Feb 25 2010
Is this a water turkey? Snake-bird? American Darter? Or Anhinga anhinga?
It’s all of the above.
The anhinga has many names because it’s such a strange bird. It has a large fan tail like a turkey and a long thin neck like a snake. It darts underwater and impales fish with its bill. Its Latin name came from its common name which came from a South American (Tupi) word for forest demon.
The anhinga genus are tropical birds that occur worldwide, anywhere there’s warm water, lots of sun, sticks to stand on and plenty of fish. Those in the Western Hemisphere are called “anhinga.” The rest are called darters.
Anhingas eat fish and they swim to catch them. Their hunting technique is to lurk and dart so they’re specially adapted to neither float nor sink. Often they swim with only their heads and necks visible. To achieve this neutral buoyancy they have dense bones and wettable feathers. When their feathers are wet, they get cold and must haul themselves out of the water and spread their wings to dry. That’s why they need lots of sun and sticks to stand on.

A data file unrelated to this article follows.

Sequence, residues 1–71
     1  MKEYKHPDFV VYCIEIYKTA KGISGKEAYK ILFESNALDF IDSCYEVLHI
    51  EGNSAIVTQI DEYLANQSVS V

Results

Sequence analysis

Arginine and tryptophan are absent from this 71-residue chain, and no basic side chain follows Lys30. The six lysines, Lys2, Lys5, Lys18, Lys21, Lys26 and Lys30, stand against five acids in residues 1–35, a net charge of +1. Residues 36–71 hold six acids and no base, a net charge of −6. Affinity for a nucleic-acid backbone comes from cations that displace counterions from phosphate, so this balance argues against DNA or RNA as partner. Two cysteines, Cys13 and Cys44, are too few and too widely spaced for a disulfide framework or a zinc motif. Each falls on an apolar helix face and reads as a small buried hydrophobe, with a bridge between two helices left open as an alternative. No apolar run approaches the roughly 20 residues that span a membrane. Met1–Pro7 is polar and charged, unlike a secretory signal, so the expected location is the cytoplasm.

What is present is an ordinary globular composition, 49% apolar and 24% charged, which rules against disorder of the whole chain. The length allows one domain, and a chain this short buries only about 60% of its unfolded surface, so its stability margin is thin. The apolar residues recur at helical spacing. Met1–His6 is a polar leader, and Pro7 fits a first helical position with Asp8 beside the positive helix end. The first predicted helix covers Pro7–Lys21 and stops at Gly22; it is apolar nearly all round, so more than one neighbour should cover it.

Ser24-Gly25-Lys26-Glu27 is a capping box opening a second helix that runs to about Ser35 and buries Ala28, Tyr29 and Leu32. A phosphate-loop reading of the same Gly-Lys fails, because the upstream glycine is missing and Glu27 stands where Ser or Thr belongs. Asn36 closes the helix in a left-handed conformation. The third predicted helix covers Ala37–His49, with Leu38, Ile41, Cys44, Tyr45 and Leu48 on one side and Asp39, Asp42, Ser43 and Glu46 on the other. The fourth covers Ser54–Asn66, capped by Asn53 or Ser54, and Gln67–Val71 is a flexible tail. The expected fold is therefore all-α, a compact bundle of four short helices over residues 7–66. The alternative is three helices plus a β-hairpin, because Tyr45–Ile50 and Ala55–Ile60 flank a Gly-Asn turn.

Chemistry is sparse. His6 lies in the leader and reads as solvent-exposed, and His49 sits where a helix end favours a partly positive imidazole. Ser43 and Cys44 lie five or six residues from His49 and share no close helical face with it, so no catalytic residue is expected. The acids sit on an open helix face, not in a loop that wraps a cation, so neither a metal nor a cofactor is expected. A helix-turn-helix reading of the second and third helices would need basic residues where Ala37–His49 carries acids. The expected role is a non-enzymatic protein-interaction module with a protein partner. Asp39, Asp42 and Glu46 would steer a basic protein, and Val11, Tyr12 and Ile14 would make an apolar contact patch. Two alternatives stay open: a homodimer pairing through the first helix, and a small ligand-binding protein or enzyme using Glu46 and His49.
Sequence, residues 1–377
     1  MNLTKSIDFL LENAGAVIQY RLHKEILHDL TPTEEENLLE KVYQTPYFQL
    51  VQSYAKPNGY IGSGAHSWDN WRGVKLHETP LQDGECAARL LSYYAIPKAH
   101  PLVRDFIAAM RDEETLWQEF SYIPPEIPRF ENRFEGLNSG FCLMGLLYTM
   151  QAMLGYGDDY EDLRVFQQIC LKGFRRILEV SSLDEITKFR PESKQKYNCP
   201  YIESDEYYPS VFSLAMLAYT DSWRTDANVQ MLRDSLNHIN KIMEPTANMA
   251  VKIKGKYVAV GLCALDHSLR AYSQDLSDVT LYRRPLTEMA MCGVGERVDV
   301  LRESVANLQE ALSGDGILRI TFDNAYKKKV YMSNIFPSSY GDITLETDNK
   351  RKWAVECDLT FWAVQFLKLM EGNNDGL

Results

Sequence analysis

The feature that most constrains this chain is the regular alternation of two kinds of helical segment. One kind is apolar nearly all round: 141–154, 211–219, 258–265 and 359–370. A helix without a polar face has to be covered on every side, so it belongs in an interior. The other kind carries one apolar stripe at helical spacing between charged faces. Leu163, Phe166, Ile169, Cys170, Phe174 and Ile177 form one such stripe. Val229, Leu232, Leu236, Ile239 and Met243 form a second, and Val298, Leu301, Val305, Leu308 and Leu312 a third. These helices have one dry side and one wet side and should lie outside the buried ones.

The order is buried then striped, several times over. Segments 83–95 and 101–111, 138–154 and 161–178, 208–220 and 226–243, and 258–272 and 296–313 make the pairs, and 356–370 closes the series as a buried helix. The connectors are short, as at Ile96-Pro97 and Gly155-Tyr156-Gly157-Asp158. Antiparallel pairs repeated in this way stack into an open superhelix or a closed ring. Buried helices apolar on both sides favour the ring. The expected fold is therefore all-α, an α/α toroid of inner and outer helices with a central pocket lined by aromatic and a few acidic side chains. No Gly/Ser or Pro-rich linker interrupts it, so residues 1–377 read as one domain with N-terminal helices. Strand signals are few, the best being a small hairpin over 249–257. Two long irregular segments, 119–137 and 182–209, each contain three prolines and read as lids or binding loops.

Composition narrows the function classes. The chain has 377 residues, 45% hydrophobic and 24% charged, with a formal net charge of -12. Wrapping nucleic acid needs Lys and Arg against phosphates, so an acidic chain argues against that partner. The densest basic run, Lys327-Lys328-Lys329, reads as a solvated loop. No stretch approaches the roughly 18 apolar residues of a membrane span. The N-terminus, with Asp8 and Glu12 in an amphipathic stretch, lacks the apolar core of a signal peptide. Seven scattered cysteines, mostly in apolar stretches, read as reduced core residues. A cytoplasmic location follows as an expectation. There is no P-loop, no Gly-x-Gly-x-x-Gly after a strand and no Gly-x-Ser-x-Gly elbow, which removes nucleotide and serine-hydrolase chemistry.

This, of course, means anhingas are practically unheard of in Pennsylvania. I don’t know of a sighting in southwestern Pennsylvania but anhingas do wander and occasionally appear in spring or fall along eastern Pennsylvania migration routes. When found, the bird is soaring and on the move. One or two lucky birders notice it … and then it’s gone.
But they seem to be everywhere in Florida, sunning their wings. That’s where Kim Steininger photographed this one.
(photo by Kim Steininger)